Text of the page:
If you ever teach a class, you come to appreciate people asking questions, even those that are quite challenging. Understandably, some of the most challenging questions deal with life and death. The Church treats these matters under the heading of the Last Things – death, judgment, heaven and hell – which in a sense are really a new beginning (CCC 1020-50).
One reason it is good that questions about the Last Things are asked in class is that all too often they are not asked in everyday life. Young people still think they are invincible and older people may avoid the topic of their mortality as too unpleasant to think about. Thoughts of death are unavoidable at the funeral of a loved one, but while we should then accompany those who mourn and offer consolation and an unassuming witness of hope, that is not the time for an extended catechesis. Instead, now and throughout our pilgrim journey is the time to reflect on these matters.
Consideration of the Last Things is very helpful in ordering our lives, so I thought I should do an entire blog series on them. This would supplement a blog series on end-of-life issues covering some of these matters that I wrote in the fall of 2013. In taking up people’s questions, however, we should note that some stem from mistaken ideas and it is important to enlighten people as to the true revealed teaching of the Church.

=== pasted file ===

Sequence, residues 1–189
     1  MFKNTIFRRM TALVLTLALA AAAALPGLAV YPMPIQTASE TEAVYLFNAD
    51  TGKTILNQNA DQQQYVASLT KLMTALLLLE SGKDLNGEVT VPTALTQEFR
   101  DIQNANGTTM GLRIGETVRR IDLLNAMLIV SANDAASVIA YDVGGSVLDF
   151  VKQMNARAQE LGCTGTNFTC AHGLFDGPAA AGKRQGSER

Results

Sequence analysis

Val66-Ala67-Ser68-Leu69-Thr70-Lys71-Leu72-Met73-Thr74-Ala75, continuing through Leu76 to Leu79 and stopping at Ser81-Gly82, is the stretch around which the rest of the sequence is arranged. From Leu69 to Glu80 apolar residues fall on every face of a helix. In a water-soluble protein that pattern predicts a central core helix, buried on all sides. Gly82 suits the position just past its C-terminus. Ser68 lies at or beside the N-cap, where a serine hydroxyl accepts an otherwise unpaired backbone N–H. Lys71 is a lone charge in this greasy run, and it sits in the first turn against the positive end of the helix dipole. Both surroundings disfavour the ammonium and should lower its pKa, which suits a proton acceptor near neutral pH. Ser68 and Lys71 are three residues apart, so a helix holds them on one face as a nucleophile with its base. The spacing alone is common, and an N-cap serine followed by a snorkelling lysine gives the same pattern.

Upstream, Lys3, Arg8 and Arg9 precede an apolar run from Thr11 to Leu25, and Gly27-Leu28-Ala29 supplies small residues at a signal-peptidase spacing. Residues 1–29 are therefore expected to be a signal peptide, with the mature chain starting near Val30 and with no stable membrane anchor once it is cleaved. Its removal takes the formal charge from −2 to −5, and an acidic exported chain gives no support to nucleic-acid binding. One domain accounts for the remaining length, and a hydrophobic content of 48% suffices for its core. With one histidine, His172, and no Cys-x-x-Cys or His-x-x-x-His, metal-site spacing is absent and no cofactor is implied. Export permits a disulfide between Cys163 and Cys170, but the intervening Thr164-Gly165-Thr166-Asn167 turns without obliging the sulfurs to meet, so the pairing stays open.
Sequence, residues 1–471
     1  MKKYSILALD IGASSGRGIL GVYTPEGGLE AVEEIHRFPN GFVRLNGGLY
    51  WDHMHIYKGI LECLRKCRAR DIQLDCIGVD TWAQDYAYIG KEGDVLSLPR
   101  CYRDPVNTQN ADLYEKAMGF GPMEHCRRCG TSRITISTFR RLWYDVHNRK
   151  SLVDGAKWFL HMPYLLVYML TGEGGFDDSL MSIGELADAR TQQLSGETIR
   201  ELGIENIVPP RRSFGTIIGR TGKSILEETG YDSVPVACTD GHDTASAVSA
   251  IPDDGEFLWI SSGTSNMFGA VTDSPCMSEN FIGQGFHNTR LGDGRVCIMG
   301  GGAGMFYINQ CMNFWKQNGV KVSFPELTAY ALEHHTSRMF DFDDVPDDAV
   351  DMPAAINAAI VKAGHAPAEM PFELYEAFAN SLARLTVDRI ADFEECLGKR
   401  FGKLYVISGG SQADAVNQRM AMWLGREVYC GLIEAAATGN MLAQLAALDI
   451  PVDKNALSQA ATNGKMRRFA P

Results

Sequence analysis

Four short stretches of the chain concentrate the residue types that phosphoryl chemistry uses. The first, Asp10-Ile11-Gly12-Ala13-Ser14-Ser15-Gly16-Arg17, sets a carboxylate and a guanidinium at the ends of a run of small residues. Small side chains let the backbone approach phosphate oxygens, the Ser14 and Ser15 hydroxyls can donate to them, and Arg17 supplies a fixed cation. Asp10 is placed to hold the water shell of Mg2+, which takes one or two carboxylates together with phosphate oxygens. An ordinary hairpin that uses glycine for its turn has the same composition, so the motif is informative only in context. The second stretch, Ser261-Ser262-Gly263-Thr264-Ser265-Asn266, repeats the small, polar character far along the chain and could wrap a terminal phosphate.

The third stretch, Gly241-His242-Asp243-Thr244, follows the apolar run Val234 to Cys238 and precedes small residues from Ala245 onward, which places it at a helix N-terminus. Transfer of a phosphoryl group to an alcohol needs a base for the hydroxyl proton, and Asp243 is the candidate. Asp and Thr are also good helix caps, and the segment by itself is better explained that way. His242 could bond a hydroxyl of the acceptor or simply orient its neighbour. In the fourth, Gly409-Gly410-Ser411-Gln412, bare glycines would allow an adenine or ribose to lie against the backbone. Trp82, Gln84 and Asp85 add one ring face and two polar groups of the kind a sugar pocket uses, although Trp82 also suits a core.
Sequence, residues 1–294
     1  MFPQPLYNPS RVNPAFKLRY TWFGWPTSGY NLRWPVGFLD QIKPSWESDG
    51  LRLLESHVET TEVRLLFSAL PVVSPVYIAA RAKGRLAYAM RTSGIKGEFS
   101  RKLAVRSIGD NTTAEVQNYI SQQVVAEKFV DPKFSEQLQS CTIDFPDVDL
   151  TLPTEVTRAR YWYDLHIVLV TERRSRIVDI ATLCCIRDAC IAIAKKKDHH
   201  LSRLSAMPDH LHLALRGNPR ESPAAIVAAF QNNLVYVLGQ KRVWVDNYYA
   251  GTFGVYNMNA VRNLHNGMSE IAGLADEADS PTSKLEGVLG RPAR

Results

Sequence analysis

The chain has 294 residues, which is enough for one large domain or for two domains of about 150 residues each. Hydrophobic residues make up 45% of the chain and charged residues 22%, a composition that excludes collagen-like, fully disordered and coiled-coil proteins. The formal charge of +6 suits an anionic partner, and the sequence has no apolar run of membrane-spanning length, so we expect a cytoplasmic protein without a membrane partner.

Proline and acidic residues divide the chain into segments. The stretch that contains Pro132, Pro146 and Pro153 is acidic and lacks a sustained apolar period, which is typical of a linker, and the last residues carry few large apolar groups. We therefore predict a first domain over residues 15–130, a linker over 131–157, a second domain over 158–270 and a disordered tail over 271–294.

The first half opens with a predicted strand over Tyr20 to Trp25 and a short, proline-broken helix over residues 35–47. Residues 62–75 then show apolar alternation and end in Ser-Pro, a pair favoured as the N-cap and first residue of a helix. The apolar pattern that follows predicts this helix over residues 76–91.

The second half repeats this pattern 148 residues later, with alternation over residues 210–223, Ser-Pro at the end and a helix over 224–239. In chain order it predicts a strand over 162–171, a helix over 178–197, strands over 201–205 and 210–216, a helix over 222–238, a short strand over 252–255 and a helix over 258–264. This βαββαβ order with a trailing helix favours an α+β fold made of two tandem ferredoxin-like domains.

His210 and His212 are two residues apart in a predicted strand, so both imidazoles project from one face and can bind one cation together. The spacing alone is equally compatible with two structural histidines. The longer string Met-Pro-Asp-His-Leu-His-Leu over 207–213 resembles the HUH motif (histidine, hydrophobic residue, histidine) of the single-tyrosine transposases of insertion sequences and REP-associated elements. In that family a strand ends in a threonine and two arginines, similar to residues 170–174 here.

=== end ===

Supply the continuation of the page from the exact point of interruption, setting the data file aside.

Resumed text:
A few of the things commonly asked of catechists are: What are heaven and hell like? What do we do in heaven – eternity is a long time, will we be bored? What do I need to do to go to heaven? If God is love, why is there hell? Why doesn’t everyone go to heaven? Why does God send people to hell? What about people who commit suicide, is there hope for them? Can I change my judgment after I die? What is purgatory, is it like a waiting room, or is it “hell-lite” for the not so bad? Why pray for the dead?
When death is approaching – and it some day comes for us all – and these questions become more pressing, or simply when we contemplate death and what comes next, it is a pious thing to turn to our Blessed Mother and implore her maternal accompaniment and intercession, asking her to “pray for us sinners now and at the hour of our death.” We turn to Mary in a special way today, the feast day of Our Lady of Lourdes. It is on this day that the Church also observes the World Day of the Sick.
As we experience sickness, even terminal illness, and think about the Last Things, there is no need to do so with fear and trepidation. Our God is a God of mercy and he delights not in anyone’s death. He made us for life, and in his infinite love for each of us, he wants to renew and purify us so that we might have eternal life with him.
This is the first in a multi-part series on the Last Things.